Monday, June 27, 2022

Why Stress, Fertility Treatments and Menopause can enhance cardiac risks in womens

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Cardiovascular disease (CVD) is a leading cause of death worldwide for men and women. Although mortality rates have decreased due to early and advanced diagnosis, prevention, and cure, Ischemic Heart Disease (IHD) or CVD is rapidly increasing among women compared to men in India. The cardiovascular disease mortality and diseases burden ratio in women v/s men from 2000 to 2017 has increased from 0.64 to 0.72 for mortality and 0.58 to 0.63 for disease.

Cardiometabolic risk factors like menopause, BMI, diabetes, hypertension, tobacco, and periodontal infections have increased more rapidly among women in India. According to a report by American Heart Association in 2000, 70 percent of women develop cardiovascular diseases after menopause, and 30 percent develop osteoporosis.

While cardiovascular diseases are more prevalent among men than women, the situation changes after menopause in women. The most probable reason behind this is the loss of the cardioprotective effect of estrogen, which is slowly downturned in women after menopause. As this hormonal protection is weaned thin, it creates a significant impact on women’s lipid (fat) metabolism that can, in turn, increase the risk of cardiovascular diseases.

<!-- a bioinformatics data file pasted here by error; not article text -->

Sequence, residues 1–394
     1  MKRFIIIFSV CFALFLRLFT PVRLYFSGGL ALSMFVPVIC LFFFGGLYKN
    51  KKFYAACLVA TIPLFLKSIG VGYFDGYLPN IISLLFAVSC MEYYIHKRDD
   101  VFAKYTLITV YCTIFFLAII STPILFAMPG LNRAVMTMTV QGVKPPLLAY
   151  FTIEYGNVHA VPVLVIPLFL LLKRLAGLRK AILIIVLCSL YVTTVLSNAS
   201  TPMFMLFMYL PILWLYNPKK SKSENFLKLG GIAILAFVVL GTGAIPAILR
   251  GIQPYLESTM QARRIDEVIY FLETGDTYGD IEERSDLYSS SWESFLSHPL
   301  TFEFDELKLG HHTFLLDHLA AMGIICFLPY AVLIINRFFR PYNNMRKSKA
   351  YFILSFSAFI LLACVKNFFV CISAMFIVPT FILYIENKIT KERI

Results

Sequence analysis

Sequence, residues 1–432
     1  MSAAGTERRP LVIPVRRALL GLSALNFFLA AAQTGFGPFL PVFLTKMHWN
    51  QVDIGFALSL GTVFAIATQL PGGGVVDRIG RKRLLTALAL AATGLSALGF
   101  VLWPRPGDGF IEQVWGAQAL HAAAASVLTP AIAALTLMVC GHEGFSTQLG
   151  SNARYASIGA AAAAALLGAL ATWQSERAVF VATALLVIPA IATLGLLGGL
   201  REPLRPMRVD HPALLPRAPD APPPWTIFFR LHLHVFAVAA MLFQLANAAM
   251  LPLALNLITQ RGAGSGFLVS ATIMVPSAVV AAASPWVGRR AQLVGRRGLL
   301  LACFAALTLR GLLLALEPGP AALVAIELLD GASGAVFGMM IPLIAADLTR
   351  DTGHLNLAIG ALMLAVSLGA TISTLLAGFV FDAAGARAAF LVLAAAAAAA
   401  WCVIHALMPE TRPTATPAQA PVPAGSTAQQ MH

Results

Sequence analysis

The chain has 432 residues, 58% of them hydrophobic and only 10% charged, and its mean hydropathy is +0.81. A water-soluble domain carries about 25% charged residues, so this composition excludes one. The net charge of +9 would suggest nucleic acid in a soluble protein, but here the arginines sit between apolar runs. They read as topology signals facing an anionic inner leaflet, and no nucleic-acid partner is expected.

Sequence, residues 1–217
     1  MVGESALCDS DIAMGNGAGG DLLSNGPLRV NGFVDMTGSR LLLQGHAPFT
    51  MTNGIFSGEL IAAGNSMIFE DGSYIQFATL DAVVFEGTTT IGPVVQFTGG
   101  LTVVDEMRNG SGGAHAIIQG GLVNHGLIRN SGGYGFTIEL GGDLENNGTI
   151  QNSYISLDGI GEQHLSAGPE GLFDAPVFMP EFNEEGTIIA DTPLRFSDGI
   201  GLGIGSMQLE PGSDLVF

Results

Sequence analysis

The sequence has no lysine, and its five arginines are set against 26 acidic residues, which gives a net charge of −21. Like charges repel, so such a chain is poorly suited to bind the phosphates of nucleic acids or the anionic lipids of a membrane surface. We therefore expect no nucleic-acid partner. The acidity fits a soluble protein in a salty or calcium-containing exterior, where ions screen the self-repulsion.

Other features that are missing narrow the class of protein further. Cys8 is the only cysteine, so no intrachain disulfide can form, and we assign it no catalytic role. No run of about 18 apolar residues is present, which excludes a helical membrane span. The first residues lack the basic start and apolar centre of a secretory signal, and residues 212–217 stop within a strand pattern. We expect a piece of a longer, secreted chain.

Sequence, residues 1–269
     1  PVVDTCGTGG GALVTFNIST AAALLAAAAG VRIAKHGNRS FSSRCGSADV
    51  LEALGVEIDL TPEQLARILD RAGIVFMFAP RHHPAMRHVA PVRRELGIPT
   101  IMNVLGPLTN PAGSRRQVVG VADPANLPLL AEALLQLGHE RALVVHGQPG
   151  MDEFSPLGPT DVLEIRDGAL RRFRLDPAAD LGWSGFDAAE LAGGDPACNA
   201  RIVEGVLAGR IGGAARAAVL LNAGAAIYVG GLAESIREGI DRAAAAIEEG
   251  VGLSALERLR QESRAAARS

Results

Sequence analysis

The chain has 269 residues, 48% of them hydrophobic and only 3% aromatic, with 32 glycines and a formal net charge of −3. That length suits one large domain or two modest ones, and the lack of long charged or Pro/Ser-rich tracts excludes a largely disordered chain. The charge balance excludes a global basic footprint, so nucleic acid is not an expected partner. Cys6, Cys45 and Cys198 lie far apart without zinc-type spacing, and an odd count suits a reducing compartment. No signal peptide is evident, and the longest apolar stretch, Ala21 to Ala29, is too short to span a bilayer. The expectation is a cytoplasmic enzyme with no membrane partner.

Menopause is a significant milestone in any woman’s health. While it does not cause cardiovascular diseases, it can increase the risk of blood pressure, poor lipid metabolism, diabetes, and heart conditions. Also, lifestyle habits like smoking and alcohol can catch up during this age group. However, the two most important reasons heart issues prove fatal in women are due to late diagnosis and increased severity of the disease.

The best way to reduce the risk of cardiovascular disease is regular exercise and a balanced diet—some other tips to help women stay on track by following the tips, such as, not smoking or drinking too much alcohol, getting eight hours of quality sleep every night, managing stress levels by engaging in hobbies that one enjoy, being physically active with a good mix of aerobics and cardio, going for regular health check-ups every six months, even if one is healthy, checking blood pressure and cholesterol every month, taking all prescribed medications regularly as advised, making healthy lifestyle changes, even if one feels that it is too late.

In conclusion, a healthy heart is essential for overall well-being and health. That is why adopting a healthy lifestyle can effectively reduce the risk of a heart attack. Even if a person has suffered a heart attack, changing lifestyle habits can make a huge difference.

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